The parade was a local affair with floats and decorated cars that spoke of homespun efforts and lots of heart. The high school band played Christmas carols and the Knights of Columbus strutted in full gear. There was a twinkling light bedecked bus that carried waving seniors from the nursing home, and many a float that appeared to have been crafted inside someone’s garage. It was precious and genuine in a way that the Macy’s Thanksgiving Day parade will never quite understand. It reminded us of the parade in the movie A Christmas Story, a kind of throw back to a simple era when folks just had a good time and didn’t worry too much about perfection. It was a most wonderful way to launch the Christmas season.

We stayed in Pat and Allison’s cabin on Storm Mountain, a home built of logs and lots of love. We munched on popcorn and spoke of all the things that we were going to do together during our visit, but since Mike and I had awakened that morning at four to get to the airport on time we were exhausted fairly early and had to give in to the signals from our bodies that we were done for the day. We knew that the morrow would be the reason for our journey, the wedding of a cousin in a lovely setting in Lyons.

When I awoke the early I found Allison sitting at the dining table looking grim and tired. She had been awake for hours after receiving the kind of phone call that dashes dreams and joy. Her daughter-in-law’s father had suddenly died. He was by all accounts a very good man, beloved by everyone who knew him. He was also quite young, only fifty four, and seemingly in the peak of health. His last day on this earth had been spent with friends and he had prepared for bed no doubt thinking of how wonderful his life was. Nobody would have thought that he would collapse and die so instantly. The shock of what had happened ricocheted through the roster of friends and family members who so loved him.

His daughter had to learn of this tragedy from a celebratory vacation in Thailand. Her world went from joy to grief in a matter of seconds. Allison had spent hours rerouting and rescheduling the journey home for her sweet daughter-in-law and her son. What had been the trip of a lifetime had spun into a nightmare. Pat and Allison would have to leave Colorado immediately and return home to Houston. Mike and I would attend the wedding and finish our trip alone. Just like that everything had changed.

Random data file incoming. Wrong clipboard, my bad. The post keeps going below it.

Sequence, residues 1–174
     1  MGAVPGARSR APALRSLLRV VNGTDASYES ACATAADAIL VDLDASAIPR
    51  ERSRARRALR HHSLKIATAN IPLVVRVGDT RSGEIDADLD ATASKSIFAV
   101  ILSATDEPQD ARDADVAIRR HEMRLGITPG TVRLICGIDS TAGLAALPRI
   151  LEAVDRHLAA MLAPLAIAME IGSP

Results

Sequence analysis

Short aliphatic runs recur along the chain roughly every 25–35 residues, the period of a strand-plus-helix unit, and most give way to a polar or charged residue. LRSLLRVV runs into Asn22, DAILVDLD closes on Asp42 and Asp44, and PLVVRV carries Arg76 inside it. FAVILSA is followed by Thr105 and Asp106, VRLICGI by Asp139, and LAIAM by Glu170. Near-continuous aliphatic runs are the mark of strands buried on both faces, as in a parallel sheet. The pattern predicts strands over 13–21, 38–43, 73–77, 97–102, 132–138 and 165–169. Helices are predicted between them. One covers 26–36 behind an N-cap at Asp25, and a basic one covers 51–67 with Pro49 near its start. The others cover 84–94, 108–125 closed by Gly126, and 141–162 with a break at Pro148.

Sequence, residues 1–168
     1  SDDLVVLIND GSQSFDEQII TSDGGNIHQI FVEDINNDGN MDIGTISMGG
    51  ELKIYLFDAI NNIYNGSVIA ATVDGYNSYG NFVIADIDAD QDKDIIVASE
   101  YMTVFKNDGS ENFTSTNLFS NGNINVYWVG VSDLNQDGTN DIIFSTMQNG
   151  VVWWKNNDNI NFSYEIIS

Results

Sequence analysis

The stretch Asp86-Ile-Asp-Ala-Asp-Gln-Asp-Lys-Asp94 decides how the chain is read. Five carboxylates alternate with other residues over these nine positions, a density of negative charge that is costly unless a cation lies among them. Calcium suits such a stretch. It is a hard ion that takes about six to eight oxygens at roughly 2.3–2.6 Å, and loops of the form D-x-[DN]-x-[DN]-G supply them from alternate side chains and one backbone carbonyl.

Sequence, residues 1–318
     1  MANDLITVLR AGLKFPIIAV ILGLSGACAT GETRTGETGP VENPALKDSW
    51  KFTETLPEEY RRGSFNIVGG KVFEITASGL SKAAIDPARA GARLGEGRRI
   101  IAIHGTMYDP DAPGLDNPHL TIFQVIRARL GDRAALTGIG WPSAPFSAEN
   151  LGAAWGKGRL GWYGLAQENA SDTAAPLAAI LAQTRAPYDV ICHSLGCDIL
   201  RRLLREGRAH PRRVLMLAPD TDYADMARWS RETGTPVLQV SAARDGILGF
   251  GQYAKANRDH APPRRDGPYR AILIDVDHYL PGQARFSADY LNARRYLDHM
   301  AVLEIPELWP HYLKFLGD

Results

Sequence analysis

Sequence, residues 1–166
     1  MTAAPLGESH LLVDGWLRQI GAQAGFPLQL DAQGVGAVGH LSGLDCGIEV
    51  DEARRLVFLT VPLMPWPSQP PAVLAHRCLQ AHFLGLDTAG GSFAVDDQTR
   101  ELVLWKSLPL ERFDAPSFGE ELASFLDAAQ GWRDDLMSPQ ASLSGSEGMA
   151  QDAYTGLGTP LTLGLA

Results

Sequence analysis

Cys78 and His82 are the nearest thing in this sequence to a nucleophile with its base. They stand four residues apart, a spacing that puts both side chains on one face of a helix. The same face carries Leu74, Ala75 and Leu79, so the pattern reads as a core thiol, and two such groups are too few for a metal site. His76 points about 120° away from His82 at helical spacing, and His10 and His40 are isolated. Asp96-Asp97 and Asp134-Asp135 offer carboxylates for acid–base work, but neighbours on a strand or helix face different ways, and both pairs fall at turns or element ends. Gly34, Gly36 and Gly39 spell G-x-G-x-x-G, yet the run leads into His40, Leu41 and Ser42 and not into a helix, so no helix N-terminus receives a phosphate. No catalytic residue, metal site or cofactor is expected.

A winter storm was brewing that day. There was promise of snow and ice in the mountains. We rented a car and soon enough learned that it handled the roads well until we tested its mettle on treacherous trails filled with ice and snow. It could even not make it up the driveway at the cabin and the worst weather was yet to come. Thus we settled for a hotel room in Loveland and said our goodbyes to Pat and Allison with heavy hearts. They would battle the elements on their long journey home, an added reminder of how quickly things can change.

We made it to the wedding feeling a bit other worldly. Our minds were on the people who were dealing with the end of a beautiful life while we were focusing on the new beginning of two people very much in love. It was a vivid reminder of the cycle of our lives and the need to always be mindful of our blessings. Being at the wedding was the perfect panacea for the dreariness that had invaded what we had intended to be a great celebration. It was impossible not to smile when witnessing the unadulterated joy of the bride and groom. Our disappointment and concerns melted away even as the wind outside whipped at the windows and reminded us that another young couple was far away making the arduous trip home to bury a father.

By the following day the storm had passed. The sun came out and shone gloriously as if to encourage us to maintain our optimism even in the face of tragedy. We attended church surrounded by strangers who nonetheless embraced us. A friend suggested on Facebook that we thank God all day long rather than petitioning for favors. As I noted the wonders of our day I realized that my world was indeed crowded with beauty and kindness and ways of feeling happy in spite of the trials that come our way.

The remainder of our trip was quiet and comforting. We seemed to have acquired the Midas touch because each day was somehow golden. We thought of Allison and her daughter-in-law’s family often and hoped that they somehow felt the vibrations of our love and concern for them. We relished our own moments perhaps a bit more acutely as we had been reminded how fragile and precious life actually is. Just like that the sweet may turn bitter and the bitter may become sweet. It is the way of the world. It is the circle of life even for the very good.

My heart is still heavy for the family of that good man. I understand all too well that shockingly terrible feeling that comes from losing a loved one without warning. Nothing can adequately describe the sense of unfairness and loss. I can only assure all who loved him that this wonderful man will be remembered for the joy that he so generously showered on family and friends. In time the overwhelming sadness will be replaced with beautiful memories and his spirit will enable all of them to go on to embrace both the bitter and sweet of life. Just like that winter will pass and spring will come again.

Confessions To Santa

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Santa has come to town. I saw it with my own eyes when I watched the Thanksgiving Day Parade. I learned long ago that I better not lie or he just might leave me lumps of coal on Christmas Day. Since I have absolutely no use for lumps of coal I suppose that the time has come for me to be totally honest about a few things.